Objection 4.  "I do not see any professors who are any better than others; they are ambitious, and oppressive, and as covetous as any."

Answer.  Whatever hypocrites are, it is not so with those who are sanctified. God has thousands and tens of thousands who are otherwise.  Though the malicious world accuses them of things which have never entered into their hearts and which they can never prove. And often they charge them with heart-sins, which no one can see but God, because they can't charge them with any wickedness they aren't guilty of themselves.

Objection 5.  "But I am not a whoremonger, or a drunkard, or an oppressor, and so why would you call me to be converted?"

Answer.  Is it not "harm" to neglect the Lord who made you, and the work for which you came into the world, and to prefer the creation more than the Creator of it, and to neglect the grace that is daily offered you?  It is the depth of your sinfulness to be insensible of it! The dead do not feel that they are dead, but if suddenly you were made alive, you would see more wrong in thyself, and marvel at yourself for making such light of it.

Objection 7.  "I think you make men insane under the pretence of converting them.  It racks the brains of sinful people, to think so much on matters too high for them."

Answer 1.  Can you be more insane than you are already?  Or at least, can there be a more dangerous madness than to neglect your everlasting welfare, and willfully undo yourselves?

Answer 2. A person is never well in his wits until he is converted; he never knows God, or sin, or Christ, or the world, or himself, or what his proper business is on earth, until he is converted.  The scripture say that the wicked are "unreasonable men” (2 Thessalonians 3:2), and that "the wisdom of the world is foolishness with God” (1 Corinthians 1:20 and Luke 15:17.  It is said of the prodigal son, “when he came to himself,” he resolved to return.  It is a strange world, when people will disobey God, and run to hell for fear of being out of their wits.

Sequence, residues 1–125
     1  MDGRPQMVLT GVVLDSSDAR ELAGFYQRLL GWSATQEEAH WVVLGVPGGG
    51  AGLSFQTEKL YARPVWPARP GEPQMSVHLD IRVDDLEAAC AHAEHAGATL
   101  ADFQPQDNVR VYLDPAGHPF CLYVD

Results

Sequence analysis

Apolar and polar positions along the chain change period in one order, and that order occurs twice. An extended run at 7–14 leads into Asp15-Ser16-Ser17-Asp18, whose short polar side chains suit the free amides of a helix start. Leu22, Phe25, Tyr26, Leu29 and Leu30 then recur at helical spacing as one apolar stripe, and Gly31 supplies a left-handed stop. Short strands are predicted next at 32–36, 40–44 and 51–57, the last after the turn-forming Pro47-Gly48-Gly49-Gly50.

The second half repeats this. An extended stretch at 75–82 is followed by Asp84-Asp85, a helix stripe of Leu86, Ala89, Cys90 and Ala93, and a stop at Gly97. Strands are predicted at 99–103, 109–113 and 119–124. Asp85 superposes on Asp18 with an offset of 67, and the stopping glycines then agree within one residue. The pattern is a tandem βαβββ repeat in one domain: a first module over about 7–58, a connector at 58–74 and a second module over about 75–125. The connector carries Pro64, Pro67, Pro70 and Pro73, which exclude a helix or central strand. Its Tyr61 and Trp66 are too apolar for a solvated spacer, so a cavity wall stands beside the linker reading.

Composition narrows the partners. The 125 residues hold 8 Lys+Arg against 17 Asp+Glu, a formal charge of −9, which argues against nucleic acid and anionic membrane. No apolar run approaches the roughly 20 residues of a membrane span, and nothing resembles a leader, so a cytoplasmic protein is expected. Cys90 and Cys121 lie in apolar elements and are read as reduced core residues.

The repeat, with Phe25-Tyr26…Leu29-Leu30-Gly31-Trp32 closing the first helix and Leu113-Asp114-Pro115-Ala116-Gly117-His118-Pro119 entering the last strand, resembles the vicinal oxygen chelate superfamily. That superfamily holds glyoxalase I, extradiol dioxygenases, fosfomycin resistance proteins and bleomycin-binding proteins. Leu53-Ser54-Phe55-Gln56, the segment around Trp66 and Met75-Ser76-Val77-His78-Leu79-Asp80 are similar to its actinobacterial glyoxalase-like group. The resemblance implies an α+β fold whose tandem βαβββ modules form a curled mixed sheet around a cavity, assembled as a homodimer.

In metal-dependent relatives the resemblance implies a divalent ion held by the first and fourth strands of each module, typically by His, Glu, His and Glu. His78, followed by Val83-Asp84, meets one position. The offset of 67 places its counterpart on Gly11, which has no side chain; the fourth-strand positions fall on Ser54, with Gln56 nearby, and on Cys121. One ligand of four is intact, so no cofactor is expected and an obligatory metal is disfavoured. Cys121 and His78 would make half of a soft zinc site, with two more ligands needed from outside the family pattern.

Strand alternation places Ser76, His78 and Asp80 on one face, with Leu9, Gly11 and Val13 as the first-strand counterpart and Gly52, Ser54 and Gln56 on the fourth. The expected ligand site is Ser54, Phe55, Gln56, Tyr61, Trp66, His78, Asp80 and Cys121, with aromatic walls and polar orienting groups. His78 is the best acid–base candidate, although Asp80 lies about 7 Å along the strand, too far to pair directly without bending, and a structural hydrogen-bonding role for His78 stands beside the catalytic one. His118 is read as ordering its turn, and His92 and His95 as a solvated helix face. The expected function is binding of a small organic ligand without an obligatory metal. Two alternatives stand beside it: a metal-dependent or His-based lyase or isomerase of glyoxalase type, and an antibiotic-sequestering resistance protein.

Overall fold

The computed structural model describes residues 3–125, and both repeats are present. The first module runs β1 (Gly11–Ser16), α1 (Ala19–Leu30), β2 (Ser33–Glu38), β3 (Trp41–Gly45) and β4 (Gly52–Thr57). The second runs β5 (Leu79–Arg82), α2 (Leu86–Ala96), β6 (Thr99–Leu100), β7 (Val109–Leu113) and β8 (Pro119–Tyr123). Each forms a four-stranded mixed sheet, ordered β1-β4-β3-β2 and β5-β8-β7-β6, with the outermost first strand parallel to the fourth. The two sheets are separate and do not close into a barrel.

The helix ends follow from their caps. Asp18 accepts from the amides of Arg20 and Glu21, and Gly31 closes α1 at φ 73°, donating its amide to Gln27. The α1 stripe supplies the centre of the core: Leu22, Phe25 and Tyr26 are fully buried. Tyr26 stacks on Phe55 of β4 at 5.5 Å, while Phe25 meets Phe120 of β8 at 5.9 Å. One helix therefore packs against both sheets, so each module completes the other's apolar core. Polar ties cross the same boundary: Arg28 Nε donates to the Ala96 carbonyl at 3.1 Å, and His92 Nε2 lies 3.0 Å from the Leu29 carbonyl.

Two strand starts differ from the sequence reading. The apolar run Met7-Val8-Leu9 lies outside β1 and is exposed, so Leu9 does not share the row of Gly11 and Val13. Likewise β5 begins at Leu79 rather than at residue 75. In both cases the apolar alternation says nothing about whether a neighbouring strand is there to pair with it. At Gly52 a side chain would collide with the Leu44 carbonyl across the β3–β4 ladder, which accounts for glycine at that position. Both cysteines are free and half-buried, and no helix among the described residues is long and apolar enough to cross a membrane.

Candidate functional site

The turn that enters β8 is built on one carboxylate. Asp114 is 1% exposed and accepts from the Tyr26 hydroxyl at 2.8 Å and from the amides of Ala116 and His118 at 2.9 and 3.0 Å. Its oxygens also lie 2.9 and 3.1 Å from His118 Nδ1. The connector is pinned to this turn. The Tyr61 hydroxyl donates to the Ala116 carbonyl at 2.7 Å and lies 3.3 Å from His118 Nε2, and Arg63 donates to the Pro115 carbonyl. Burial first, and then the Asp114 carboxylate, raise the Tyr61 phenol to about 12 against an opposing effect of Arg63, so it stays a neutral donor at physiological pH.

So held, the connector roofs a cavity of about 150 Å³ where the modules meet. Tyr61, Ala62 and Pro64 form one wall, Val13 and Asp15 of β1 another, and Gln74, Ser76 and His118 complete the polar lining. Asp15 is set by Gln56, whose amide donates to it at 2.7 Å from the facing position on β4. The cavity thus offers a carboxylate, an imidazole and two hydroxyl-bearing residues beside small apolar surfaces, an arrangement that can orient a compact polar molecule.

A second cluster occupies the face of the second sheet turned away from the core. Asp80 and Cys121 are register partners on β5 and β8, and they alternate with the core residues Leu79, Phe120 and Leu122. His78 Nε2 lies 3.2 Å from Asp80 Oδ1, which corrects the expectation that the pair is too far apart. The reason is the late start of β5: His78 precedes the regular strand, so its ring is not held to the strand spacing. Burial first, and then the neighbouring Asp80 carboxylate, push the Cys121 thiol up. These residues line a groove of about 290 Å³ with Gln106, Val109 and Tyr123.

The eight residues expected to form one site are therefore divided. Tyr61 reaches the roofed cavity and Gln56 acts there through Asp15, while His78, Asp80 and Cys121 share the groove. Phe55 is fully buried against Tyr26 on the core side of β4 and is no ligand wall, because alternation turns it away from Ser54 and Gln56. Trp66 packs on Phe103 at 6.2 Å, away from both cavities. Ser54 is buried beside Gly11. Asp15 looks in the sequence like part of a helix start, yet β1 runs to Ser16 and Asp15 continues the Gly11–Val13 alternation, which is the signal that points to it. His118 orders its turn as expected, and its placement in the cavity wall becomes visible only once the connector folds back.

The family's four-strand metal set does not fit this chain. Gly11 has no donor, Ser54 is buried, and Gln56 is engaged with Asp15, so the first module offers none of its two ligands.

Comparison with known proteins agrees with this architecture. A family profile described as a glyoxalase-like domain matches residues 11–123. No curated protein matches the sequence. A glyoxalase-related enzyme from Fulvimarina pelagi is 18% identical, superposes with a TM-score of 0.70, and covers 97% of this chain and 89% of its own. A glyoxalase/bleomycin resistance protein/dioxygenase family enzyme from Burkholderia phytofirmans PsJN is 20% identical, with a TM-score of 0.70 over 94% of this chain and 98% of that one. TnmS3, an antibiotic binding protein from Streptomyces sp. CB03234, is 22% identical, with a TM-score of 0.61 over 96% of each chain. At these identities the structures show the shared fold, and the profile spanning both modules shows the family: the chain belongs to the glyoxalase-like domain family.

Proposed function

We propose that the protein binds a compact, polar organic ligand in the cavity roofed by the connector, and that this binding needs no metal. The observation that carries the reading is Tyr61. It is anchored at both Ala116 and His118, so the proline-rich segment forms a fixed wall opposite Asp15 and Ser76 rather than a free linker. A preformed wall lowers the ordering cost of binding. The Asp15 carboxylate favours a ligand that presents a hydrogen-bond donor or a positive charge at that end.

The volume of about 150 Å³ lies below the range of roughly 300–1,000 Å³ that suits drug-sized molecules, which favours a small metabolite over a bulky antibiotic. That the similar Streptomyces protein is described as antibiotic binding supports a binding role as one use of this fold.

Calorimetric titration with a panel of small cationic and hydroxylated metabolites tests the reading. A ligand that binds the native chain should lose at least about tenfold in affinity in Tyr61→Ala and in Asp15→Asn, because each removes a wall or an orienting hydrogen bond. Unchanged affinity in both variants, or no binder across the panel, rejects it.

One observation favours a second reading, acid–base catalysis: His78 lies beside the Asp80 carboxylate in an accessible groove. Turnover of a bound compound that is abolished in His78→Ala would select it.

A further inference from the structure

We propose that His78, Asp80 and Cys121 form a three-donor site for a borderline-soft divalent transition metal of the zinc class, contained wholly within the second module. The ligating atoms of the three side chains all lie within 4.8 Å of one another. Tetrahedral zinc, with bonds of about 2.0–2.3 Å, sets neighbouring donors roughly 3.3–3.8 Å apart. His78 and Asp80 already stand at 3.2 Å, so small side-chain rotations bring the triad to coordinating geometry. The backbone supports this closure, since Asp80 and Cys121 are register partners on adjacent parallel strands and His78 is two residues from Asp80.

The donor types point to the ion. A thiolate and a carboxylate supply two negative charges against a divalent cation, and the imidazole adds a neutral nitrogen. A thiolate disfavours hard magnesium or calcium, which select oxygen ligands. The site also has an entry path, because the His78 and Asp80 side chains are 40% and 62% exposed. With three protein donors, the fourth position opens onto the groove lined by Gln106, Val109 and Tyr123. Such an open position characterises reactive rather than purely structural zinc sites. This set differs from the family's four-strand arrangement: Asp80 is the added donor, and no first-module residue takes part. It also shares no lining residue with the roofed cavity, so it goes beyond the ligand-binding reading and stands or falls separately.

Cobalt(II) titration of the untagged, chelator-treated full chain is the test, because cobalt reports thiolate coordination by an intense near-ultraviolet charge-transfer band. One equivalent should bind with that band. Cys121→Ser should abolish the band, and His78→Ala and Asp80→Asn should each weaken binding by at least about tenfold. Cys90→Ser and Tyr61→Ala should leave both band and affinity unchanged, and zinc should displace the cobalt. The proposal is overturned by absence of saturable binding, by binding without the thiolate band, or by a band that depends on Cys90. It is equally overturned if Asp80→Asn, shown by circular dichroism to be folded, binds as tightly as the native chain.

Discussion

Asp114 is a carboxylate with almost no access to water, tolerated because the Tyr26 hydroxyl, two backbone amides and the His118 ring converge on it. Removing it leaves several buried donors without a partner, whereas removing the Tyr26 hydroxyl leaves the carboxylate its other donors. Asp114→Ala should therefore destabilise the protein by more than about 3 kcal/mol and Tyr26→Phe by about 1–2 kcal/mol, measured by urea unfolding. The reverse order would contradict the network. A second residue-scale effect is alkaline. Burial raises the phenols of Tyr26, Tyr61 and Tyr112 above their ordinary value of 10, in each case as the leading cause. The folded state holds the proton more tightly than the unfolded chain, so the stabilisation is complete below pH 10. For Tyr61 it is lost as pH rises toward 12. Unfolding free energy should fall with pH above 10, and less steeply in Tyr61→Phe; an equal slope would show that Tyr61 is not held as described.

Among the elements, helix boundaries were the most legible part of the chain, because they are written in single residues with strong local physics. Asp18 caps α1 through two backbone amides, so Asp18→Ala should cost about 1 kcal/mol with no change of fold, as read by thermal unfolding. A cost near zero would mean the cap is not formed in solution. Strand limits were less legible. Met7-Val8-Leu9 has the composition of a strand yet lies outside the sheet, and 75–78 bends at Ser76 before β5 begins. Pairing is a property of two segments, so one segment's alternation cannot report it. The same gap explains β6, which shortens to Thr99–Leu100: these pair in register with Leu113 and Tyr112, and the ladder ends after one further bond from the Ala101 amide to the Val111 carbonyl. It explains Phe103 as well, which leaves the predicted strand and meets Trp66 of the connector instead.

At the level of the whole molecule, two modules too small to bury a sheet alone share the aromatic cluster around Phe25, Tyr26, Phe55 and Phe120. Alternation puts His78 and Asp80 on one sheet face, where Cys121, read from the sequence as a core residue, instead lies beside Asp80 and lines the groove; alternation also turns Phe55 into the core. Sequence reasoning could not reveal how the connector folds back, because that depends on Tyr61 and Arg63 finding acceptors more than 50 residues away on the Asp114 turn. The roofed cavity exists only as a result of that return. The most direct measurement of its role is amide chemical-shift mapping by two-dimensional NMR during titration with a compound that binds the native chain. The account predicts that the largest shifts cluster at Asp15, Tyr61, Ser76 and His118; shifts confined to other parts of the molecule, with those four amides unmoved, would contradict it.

Answer 3.  What is in the work Christ calls you to that would drive a man out of his wits? Is it the loving of God, and calling upon Him, and comfortably thinking of the glory to come, and the forsaking of our sins, and loving one another, and delighting ourselves in the service of God? Are these things that should make a man insane?

Answer 4.  When you say that these matters are too high for you, you accuse God of wrongdoing for giving us his word, and commanding us to meditate on it day and night. Are the thoughts that we are made for, and which we live for, too high for us to meddle with? This is plainly to make us inhuman, and to make animals of us, as if we should meddle with no higher matters than those that belong to flesh and earth. If heaven is too high for you to think on and plan for, it will be too high for you ever to possess.

Answer 5. If God sometimes allows weak-headed people to be distracted by thoughts of eternal things, even though they misunderstand them and proceed without a guide, then of the two, I would rather be this one, than one of the mad unconverted world, who consider earthly distractions to be their wisdom.

Objection 8. "I don't think God cares so much what people think, or speak, or do, as to make so great a matter of it."

Answer.  It seems, then, that you take the Word of God to be false, and if so, then what will you believe?  If you don't believe the Scriptures, use your own reason: for you see that God thinks so highly of us that He condescends to make us, and to preserve us, and uphold us each day, and to provide for us.  Think of it in human terms:  Will anyone buy a clock or watch, and look at it every day, and not care whether it runs true or false? Surely, if you do not believe that the eye of God is observing your hearts and lives, can you then believe or expect Him to relieve you when troubles come?  If God has cared as little for you as you imagine, you would never have lived until now, for a hundred diseases would have competed as to which should be the first to destroy you, and the devils would have haunted you, and taken you away alive, as the big fish devour the smaller one, and as ravenous animals devour others. You cannot think God made man for no purpose or use; and, if He made him for any, surely it was for Himself. And do you think He does not care whether his purposes are accomplished, and whether we do the work that we are made for?